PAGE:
Two packages from Great Britain arrived in the mail yesterday. So I have a new story and a book intro fresh out in print. There they are, up above, photographed on my office rug.
The foreword was written for Strange Divisions & Alien Territories: The Sub-Genres of Science Fiction, edited by Keith Brooke. It begins:
Exactly what is a sub-genre? The answer seems so obvious when one poses the question. But a moment's thought undoes all such certainty.This is, pretty obviously, an anthology of non-fiction essays by various writers on the sub-genres of hard science fiction, space opera, fiction about aliens, planetary adventure, time travel, alternate history, apocalyptic and post-apocalyptic fiction, religious SF, topian fictions, cyberpunk, superhuman powers, and posthumanity, written by Gary Gibson, Alastair Reynolds, Justina Robson, Catherine Asaro & Kate Dolan, John Grant, Kristine Kathryn Rusch, James Lovegrove, Adam Roberts, Keith Brooke, James Patrick Kelly, Paul Di Filippo, and Tony Ballantyne, with an afterword by Keith Brooke. Which is to say, people who know what they're talking about.
Jim Kelly's contribution is titled "Who Owns Cyberpunk?" Which I would hold up for your admiration as being a very good title. My own answer would be "Bruce Sterling, but only because William Gibson doesn't want it." But Jim gives the question a far more thoughtful and incisive examination.
Unfit for Eden is issue 26/27 of Postscripts, the hardcover anthology edited by Peter Crowther and Nick Gevers. I haven't read any of the other stories yet, but they include offerings by Michael Bishop, Eric Brown Matthew Hughes, Kit Reed, Mike Resnick, Darrell Schweitzer, and Neal Barrett, Jr., among others, so it's a pretty safe bet.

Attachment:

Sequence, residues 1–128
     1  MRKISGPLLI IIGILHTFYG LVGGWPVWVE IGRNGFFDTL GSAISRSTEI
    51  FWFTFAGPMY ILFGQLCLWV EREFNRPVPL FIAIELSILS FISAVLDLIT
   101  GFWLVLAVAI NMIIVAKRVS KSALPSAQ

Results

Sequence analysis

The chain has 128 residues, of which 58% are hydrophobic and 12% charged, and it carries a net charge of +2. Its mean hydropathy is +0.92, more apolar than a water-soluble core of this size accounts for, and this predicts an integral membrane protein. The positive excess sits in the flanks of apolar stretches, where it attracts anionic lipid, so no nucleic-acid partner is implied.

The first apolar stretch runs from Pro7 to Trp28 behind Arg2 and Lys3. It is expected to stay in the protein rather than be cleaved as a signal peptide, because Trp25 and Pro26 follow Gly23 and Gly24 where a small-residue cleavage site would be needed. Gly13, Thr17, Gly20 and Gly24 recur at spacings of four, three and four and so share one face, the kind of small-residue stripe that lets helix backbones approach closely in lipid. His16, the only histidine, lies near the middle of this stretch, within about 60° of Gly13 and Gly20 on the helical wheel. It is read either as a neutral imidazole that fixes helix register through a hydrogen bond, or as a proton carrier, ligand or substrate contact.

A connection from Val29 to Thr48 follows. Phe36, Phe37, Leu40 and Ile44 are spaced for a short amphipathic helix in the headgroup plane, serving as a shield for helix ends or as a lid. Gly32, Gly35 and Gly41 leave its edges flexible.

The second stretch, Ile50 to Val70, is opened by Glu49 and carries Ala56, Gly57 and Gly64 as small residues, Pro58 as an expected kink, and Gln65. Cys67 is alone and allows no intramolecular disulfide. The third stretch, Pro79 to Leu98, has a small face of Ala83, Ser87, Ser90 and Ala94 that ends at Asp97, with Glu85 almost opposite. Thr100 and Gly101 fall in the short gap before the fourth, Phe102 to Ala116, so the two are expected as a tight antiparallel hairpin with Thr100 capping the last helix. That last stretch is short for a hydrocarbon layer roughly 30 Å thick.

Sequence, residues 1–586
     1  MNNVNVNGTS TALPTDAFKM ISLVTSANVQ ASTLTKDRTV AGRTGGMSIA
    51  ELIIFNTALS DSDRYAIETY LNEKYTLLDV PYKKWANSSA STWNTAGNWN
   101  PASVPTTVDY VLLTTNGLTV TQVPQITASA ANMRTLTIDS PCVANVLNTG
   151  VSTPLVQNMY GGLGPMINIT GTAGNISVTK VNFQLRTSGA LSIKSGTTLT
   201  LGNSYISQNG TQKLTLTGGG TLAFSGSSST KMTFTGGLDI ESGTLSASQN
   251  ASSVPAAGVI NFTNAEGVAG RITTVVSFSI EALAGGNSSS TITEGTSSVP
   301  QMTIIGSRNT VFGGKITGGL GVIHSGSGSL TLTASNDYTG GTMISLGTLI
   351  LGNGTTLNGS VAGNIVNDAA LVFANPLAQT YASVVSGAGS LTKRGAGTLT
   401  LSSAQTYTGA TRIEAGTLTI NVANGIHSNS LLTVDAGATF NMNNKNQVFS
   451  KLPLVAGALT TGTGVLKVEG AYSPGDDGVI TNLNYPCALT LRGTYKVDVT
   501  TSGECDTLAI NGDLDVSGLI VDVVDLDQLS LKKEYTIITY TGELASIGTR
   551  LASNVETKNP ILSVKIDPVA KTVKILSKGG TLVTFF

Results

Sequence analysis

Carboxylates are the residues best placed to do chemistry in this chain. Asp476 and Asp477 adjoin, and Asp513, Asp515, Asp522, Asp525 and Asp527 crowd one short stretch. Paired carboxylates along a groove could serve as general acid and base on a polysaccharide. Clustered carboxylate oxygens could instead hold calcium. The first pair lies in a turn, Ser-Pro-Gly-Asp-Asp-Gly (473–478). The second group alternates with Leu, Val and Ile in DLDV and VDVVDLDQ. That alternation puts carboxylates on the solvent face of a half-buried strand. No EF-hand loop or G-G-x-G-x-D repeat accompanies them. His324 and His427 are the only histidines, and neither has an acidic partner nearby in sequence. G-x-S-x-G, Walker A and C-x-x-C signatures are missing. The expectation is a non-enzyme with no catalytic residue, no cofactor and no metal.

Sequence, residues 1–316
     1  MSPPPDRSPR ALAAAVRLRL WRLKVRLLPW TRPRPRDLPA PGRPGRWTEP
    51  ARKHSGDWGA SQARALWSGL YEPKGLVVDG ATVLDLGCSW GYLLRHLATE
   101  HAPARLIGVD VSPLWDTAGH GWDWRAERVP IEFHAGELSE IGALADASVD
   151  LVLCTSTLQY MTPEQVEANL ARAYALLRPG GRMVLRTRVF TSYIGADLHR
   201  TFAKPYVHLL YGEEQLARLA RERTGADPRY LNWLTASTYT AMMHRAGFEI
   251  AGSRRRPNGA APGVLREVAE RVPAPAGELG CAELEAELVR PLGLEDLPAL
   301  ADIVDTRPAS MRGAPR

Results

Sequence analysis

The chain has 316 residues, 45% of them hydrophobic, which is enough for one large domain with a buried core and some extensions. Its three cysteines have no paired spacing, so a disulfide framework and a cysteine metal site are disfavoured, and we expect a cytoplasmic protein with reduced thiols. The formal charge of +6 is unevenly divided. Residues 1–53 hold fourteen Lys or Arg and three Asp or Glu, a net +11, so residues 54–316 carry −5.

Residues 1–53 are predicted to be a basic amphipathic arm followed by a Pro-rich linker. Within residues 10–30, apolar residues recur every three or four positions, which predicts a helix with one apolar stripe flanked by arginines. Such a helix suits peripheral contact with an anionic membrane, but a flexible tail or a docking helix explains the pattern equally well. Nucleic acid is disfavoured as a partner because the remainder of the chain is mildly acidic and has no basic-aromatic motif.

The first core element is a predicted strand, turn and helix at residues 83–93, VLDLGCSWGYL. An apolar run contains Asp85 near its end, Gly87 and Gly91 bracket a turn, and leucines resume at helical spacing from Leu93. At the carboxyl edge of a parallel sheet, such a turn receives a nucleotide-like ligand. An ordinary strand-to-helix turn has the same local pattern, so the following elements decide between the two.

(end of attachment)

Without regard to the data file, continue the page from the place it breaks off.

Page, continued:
My own contribution is "Pushkin the American," which begins:
The American, whose name has since been forgotten, came to Yekaterinburg in the Ural Mountains in the year 1817. He was a young man and whatever disgrace had driven him so far from home had been left behind in his native Philadelphia. Somehow he had found work as the secretary of an American industrialist who, along with his wife, was making a tour of Russia with a particular eye to the natural riches of the Urals.
The story answers the question of how a young American with no knowledge of the Russian language could go on to become one of Russia's greatest writers.
After I wrote "Libertarian Russia," every Russian or Russian-American writer I encountered for the next year demanded to know what I meant by it. I can't imagine what they'll say about this one.
And because you're wondering about this blog's title . . .
The spine of the Postscripts hardcover has a typo. In enormous letters, it reads: UNIFIT FOR EDEN. I'm sure they've already heard from a lot of people about this. But it's nowhere near the typo that L. Sprague de Camp's Rogue Queen suffered when it was reprinted by Bluejay Books as ROUGE QUEEN.
That was one for the ages.